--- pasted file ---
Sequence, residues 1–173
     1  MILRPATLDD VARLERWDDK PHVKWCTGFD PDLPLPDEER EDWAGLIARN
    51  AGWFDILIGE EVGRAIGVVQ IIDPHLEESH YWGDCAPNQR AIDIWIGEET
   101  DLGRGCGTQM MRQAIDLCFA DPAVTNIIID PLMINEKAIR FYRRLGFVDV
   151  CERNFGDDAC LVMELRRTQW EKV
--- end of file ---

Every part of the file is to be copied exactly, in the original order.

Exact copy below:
Sequence, residues 1–173
     1  MILRPATLDD VARLERWDDK PHVKWCTGFD PDLPLPDEER EDWAGLIARN
    51  AGWFDILIGE EVGRAIGVVQ IIDPHLEESH YWGDCAPNQR AIDIWIGEET
   101  DLGRGCGTQM MRQAIDLCFA DPAVTNIIID PLMINEKAIR FYRRLGFVDV
   151  CERNFGDDAC LVMELRRTQW EKV